M

N

O

The Opposite of You by Rachel Higginson – This was a quick read. Foodie romance. Slow burn. I wouldn’t quite call it open door – maybe…door slightly ajar? Maybe a little awkward to listen to on a road trip with people you don’t know that well (or maybe a good way to get to know them real quick)? Anyway. The main character occasionally got on my nerves and it was a little too knight-in-shining-armor in certain parts for my taste, but a fun romp overall.

P

Q

R

S

T

U

V

W

A World of Curiosities by Louise Penny – I adore this whole series, but this is easily one of the top five for me. It takes us back to the first case Gamache and Beauvoir worked together.

X

Y

Z

Welcome Home: A Guide to Building a Home for Your Soul by Najwa Zebian – I’ve been wanting to read/avoiding reading this one for a while because I knew I’d want to be in the right frame of mind to give the topic the appropriate attention. I really love Zebian’s Instagram account, so I generally knew what to expect from the book. A lot of things hit home for me, and I’m grateful for some of the tools I walked away with.

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This is the anchor post where I will keep track of my progress for the Girlxoxo Monthly Key Word Reading Challenge this year. Each month, I will list the word(s) that I chose from the list and the book that matches the prompt. 

I will keep track of them here, but my plan is to also post quarterly updates with small blurb reviews.

If you want to join the challenge, sign up with Girlxoxo on their site!

January – Keyword “all” – We Are All Completely Beside Ourselves by Karen Joy Fowler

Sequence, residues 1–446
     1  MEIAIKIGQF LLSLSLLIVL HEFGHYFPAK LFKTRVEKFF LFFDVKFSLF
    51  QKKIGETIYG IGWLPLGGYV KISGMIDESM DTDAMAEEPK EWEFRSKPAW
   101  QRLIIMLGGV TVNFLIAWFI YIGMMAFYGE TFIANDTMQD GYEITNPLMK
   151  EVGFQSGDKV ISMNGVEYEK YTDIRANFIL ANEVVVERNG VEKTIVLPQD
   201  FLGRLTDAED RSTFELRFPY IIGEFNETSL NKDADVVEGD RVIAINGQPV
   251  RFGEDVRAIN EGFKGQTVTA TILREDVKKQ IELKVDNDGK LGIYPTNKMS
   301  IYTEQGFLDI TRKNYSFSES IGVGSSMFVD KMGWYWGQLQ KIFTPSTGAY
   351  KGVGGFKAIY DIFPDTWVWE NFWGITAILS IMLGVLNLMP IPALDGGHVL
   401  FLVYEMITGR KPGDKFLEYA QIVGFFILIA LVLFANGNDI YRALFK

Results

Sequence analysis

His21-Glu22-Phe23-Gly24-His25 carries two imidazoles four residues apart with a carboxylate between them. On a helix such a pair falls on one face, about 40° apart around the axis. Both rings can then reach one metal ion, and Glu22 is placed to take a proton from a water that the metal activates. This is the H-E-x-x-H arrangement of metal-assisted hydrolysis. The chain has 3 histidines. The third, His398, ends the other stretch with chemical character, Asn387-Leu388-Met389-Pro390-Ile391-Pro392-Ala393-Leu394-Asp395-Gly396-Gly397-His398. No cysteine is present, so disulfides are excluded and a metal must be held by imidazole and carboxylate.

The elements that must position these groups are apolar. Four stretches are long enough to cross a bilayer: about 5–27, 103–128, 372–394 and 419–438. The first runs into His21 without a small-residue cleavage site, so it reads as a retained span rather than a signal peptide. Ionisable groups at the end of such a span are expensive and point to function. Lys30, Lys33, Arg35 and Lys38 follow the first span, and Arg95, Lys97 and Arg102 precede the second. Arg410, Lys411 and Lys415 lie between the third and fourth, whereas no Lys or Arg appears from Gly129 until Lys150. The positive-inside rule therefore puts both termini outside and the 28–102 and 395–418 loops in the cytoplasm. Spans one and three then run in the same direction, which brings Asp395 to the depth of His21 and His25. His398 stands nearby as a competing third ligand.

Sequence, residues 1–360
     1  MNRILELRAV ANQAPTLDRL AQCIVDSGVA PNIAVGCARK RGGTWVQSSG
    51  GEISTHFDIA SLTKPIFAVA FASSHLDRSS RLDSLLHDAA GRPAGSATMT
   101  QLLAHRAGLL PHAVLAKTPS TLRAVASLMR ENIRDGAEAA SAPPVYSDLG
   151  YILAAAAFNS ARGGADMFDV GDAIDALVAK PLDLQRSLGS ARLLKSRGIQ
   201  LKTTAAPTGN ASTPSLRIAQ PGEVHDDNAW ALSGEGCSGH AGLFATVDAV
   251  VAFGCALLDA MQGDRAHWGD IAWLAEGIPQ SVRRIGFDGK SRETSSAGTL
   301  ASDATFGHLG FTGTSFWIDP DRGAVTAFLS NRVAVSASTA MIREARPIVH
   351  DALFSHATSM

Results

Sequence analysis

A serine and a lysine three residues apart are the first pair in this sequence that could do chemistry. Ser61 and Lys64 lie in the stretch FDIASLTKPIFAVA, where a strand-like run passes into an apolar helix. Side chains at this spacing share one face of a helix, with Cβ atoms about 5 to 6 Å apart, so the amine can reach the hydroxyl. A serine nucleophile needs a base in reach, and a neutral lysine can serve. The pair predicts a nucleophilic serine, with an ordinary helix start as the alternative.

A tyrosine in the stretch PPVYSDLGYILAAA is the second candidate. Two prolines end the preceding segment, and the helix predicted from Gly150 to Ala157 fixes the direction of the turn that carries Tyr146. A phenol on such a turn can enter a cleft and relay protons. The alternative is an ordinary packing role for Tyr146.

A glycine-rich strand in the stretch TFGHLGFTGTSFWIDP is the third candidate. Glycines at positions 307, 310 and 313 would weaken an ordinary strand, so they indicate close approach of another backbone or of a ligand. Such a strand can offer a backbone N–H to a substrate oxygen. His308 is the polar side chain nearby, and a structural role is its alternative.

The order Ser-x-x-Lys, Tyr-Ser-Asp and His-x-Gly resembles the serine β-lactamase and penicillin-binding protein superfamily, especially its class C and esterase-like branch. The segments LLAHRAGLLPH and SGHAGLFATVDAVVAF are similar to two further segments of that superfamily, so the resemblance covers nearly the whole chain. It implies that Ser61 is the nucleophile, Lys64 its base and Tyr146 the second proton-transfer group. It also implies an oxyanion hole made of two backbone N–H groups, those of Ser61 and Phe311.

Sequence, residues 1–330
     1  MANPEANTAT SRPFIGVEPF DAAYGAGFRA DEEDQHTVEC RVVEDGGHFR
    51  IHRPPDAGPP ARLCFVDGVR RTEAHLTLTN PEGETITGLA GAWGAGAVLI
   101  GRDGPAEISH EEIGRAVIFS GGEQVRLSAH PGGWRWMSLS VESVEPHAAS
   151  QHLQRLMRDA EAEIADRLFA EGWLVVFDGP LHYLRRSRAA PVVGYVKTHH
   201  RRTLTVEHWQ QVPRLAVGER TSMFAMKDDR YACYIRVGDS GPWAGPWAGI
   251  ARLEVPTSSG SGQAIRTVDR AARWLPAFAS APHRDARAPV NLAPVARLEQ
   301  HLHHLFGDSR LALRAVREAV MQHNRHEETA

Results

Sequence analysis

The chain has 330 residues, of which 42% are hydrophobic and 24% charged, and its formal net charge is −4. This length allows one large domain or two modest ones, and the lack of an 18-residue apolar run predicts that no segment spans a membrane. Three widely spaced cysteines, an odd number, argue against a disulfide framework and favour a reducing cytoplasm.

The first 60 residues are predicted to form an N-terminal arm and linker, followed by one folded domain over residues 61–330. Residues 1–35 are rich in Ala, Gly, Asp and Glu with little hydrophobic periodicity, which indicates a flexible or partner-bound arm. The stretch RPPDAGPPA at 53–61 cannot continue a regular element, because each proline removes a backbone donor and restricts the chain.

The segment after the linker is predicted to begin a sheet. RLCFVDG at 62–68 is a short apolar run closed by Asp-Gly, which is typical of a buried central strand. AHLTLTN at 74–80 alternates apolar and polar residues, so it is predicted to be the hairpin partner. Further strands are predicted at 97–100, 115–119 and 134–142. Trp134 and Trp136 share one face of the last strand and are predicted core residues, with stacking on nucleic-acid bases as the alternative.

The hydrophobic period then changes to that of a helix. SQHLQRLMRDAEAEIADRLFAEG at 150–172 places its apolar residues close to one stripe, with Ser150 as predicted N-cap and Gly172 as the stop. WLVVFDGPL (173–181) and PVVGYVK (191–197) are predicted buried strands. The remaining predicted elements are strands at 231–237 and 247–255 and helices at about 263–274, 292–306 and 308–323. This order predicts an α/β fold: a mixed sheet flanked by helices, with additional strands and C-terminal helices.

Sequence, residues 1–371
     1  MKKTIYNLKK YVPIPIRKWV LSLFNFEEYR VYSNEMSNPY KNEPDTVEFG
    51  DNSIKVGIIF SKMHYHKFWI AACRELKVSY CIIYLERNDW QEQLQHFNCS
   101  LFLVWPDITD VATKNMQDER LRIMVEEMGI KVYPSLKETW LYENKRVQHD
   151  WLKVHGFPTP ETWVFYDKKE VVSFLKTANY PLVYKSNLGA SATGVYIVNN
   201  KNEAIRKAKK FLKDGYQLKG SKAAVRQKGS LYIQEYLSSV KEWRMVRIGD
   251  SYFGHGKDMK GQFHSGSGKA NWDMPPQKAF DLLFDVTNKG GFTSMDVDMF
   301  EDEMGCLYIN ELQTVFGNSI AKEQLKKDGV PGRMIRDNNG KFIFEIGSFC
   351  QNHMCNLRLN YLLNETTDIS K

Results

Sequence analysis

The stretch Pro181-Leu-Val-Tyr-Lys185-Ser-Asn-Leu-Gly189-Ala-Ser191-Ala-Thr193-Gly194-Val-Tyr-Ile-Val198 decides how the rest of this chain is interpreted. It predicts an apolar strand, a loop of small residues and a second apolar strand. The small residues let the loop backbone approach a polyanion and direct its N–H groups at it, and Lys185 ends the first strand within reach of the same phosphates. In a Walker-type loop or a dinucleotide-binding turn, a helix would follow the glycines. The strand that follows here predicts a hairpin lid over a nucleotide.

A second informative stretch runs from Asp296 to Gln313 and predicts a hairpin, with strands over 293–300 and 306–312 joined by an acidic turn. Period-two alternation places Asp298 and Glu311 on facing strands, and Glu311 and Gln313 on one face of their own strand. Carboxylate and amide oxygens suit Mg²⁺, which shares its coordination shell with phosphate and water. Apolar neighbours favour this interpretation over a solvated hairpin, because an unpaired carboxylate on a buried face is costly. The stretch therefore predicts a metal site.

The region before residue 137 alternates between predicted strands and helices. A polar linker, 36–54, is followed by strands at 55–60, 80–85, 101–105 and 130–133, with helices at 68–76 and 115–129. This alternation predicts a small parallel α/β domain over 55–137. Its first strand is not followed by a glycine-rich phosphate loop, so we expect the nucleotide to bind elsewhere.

February – Keyword “book” – People of the Book by Geraldine Brooks

March – 

April – 

May – 

June – 

July – 

August – 

September –

October – 

November – 

December – 

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I want to explore my whole collection, not just the first couple of shelves, this year, and I think this challenge will help me do that. I’ll list books that match each letter (one author and one title for each) as I finish them. My anticipated goal is to update this post by listing the book (title and author) and occasionally (Monthly? Every other week? We’ll see.) post updates that include blurbs of the books I’ve completed since the previous update.

I’ve linked each book to the post where I wrote the review (either the challenge update where I listed it for the first time or, if I write a longer review elsewhere, to that page).

A

With the Fire on High by Elizabeth Acevedo

B

Bluebird, Bluebird by Attica Locke

C

The Castlemaine Murders by Kerry Greenwood

The Postmistress of Paris by Meg Waite Clayton

D

Dear Bob and Sue by Matt and Karen Smith

E

Excuse Me While I Disappear by Laurie Notaro

F

G

H

How To Be Perfect by Michael Schur

I

J

K

Writers & Lovers by Lily King

L

Lucky Turtle by Bill Roorbach

M

Down Among the Sticks and Bones by Seanan McGuire

N

O

The Opposite of You by Rachel Higginson

The Book of Form and Emptiness by Ruth Ozeki

P

Q

R

S

T

U

V

W

A World of Curiosities by Louise Penny

X

Y

Z

Welcome Home by Najwa Zebian